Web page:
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Heel Pain Plantar Fasciitis, “Heel Spur”


The most common cause of heel pain is plantar fasciitis, an overuse (irritation, inflammation, micro-damage) of the tendon plate in the arch of the foot. We call this tendon plate plantar fascia or plantar aponeurosis. Heel pain is very common, approximately every tenth person develops plantar fasciitis in the course of their life.


The plantar aponeurosis is attached to the heel bone and stretches all the way to the toes. It stabilizes the arch of the foot and is tense when standing and with every step taken. During the rejection phase, the plantar aponeurosis is strained by the overstretching of the toes. In addition, the calf muscles (triceps surae) pull on the plantar aponeurosis to transfer the pushing force to the foot. This leads to high traction forces on the plantar fascia. The weakest point is usually the insertion of the  plantar fascia at the heel bone, which then canbe strained and inflamed as a result. The strain increases when going up the stairs or running.


Risk  factors  for  the  development  of  plantar  fasciitis  are  predominantly a standing job, running and a body mass index (BMI) of over 30kg /  m2. Certain foot shapes can also promote the problem, for examplea highly arched foot or a flat valgus foot. However, there is almost always a more or less pronounced shortening of the calf muscles and often also of the rear thigh muscles. This increases the burden of the plantar aponeurosis attachment on the heel.


Occasionally, an x-ray image shows a spur on the heel bone at the base of the plantar aponeurosis. This has led to the term “heel spur”, which is popularly used. However, this bone spur is not the cause of the pain. Only about half of the patients with heel pain have a heel spur and there are also people with a bone spur who have no pain at all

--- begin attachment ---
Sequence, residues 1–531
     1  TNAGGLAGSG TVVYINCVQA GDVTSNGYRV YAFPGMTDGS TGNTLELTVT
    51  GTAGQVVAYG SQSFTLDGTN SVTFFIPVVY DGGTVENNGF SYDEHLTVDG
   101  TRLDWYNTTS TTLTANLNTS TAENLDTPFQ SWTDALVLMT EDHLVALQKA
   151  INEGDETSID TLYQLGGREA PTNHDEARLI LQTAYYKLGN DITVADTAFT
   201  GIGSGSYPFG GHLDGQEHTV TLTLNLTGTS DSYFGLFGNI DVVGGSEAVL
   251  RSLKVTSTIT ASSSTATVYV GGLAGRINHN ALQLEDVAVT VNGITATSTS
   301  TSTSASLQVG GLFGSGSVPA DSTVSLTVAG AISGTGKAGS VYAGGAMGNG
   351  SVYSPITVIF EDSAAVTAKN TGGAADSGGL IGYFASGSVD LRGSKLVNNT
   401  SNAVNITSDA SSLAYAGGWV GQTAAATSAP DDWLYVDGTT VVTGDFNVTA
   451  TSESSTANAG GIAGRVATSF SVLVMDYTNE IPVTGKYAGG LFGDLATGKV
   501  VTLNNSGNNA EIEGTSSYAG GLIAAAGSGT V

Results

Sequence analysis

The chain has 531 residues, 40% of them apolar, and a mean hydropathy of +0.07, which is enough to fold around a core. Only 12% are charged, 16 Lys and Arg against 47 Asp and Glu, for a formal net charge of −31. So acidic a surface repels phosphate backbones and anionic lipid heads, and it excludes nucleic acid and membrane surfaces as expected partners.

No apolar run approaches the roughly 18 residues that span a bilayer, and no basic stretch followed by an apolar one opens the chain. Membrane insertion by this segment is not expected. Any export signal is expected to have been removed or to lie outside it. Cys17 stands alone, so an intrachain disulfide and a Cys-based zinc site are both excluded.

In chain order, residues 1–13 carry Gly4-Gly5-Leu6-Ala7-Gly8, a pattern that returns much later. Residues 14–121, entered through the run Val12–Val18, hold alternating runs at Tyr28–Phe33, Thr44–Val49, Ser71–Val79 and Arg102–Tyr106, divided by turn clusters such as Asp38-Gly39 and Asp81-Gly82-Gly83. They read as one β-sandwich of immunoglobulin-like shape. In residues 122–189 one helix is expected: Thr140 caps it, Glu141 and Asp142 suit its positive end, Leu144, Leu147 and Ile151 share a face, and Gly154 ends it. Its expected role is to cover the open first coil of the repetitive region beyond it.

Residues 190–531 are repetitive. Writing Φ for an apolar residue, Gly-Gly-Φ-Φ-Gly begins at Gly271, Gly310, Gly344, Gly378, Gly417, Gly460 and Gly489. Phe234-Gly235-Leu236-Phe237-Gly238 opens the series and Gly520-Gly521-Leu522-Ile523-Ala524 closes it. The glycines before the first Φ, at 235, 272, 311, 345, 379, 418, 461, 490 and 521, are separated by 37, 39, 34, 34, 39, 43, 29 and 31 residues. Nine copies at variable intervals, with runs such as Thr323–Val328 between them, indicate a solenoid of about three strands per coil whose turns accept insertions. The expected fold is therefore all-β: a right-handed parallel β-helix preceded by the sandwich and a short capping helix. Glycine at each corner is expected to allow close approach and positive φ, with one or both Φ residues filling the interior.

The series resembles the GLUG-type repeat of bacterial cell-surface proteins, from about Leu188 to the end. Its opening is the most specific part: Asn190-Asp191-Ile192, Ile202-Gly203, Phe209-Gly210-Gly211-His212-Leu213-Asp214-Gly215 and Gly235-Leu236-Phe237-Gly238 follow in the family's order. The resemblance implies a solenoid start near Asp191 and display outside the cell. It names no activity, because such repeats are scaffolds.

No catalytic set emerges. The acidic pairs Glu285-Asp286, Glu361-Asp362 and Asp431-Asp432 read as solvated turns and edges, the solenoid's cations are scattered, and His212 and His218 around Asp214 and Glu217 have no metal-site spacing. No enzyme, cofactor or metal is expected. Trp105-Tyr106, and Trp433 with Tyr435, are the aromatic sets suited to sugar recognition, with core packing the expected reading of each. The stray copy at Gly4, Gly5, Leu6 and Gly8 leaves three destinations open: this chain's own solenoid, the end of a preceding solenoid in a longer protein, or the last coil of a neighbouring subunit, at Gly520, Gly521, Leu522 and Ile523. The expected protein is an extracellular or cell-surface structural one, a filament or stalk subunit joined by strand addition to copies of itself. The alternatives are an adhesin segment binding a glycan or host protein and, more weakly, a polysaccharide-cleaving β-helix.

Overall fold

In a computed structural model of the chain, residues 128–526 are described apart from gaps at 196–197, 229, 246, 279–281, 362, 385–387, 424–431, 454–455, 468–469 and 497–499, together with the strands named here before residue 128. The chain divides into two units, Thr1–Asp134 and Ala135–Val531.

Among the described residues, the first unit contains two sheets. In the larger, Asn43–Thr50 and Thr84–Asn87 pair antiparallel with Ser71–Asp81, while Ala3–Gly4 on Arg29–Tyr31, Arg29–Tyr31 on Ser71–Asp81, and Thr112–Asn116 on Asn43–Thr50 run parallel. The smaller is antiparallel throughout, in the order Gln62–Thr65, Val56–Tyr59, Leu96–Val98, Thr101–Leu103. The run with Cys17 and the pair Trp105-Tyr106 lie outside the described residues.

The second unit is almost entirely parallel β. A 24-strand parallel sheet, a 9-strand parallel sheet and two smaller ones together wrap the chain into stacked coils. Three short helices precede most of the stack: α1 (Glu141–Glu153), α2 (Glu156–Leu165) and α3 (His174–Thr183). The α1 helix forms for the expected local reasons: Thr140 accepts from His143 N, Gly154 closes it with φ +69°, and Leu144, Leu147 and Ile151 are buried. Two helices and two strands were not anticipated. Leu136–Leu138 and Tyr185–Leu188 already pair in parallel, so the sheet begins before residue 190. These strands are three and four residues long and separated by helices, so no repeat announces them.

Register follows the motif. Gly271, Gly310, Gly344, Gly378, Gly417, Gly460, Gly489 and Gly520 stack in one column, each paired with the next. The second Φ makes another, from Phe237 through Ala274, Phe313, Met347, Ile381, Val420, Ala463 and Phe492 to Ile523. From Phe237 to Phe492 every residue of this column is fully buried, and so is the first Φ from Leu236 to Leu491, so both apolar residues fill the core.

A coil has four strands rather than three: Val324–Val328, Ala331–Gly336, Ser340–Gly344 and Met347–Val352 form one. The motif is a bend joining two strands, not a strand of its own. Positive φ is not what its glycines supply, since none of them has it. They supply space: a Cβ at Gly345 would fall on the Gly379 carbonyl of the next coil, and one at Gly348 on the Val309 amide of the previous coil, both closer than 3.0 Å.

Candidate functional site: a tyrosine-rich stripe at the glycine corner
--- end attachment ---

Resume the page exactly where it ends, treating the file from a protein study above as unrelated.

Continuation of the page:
Therapy of heel pain is primarily non-surgical and consists of the following measures:

1. Symptomatic Treatment (in the first 2 weeks)

Resting. Pain-triggering activities should be avoided if possible so that the irritated structures can recover. Anti-inflammatory drugs or local anti-inflammatory measures (ultrasound etc.) can also help.  However, the effect is often modest, since it is primarily a “mechanical” problem that cannot be solved “chemically”. Wearing heel wedges in your shoes for a short time also helps in the first days and weeks.

2. Treating the Cause (for months)

The most important thing is the reduction of tension and the pulling of the plantar aponeurosis. That is why a daily stretching of the shortened calf muscles and the plantar aponeurosis is the key to success. Since the shortening and the increased tension has developed over the years, these exercises must be carried out consistently for months. Some exercises are described in the appendix. To ensure correct implementation, physiotherapy can be prescribed. However, this does not change the fact that the exercises have to be carried out independently several times a day!

Physiotherapy is helpful in order to loosen and mobilize the hardened and tense muscles, tendons and fascia so that the stretching exercises can be carried out better.

3. Supportive Therapies

If the calf muscles are severely shortened, a night splint can be worn. There are ready made ones or it is possible to make one out of plaster. This should push the foot up at night or when no pressure is on it. The Strasburg Sock is a slightly less strong alternative that may be more comfortable to wear.

Focused shock waves promote blood circulation and tissue repair processes using mechanical stimuli. This treatment can be somewhat painful and does not help all patients equally well. Basic health insurance will not cover these costs.

Insoles make sense for certain foot shapes (buckling feet, hollow feet), as well as being a relief of the plantar fascia by providing soft bedding of the heel. The cost of the insoles is also not covered by the basic health insurance.

Insoles and shock wave therapy are complementary therapies and cannot replace daily exercises!

4. How to Avoid Recurrence

Even if the pain is no longer present after several months, the exercises learned should be continued about 3 times a week to prevent the pain from reoccurring.


90% of heel pain completely disappears under the therapy measures mentioned. However, this also takes 6-10 months even if the exercises are carried out consistently!

If the pain does not improve in six months despite the correct, repeated daily implementation of the exercises, a specialist assessment should be carried out again.

pdf for download: Plantar-fasciitis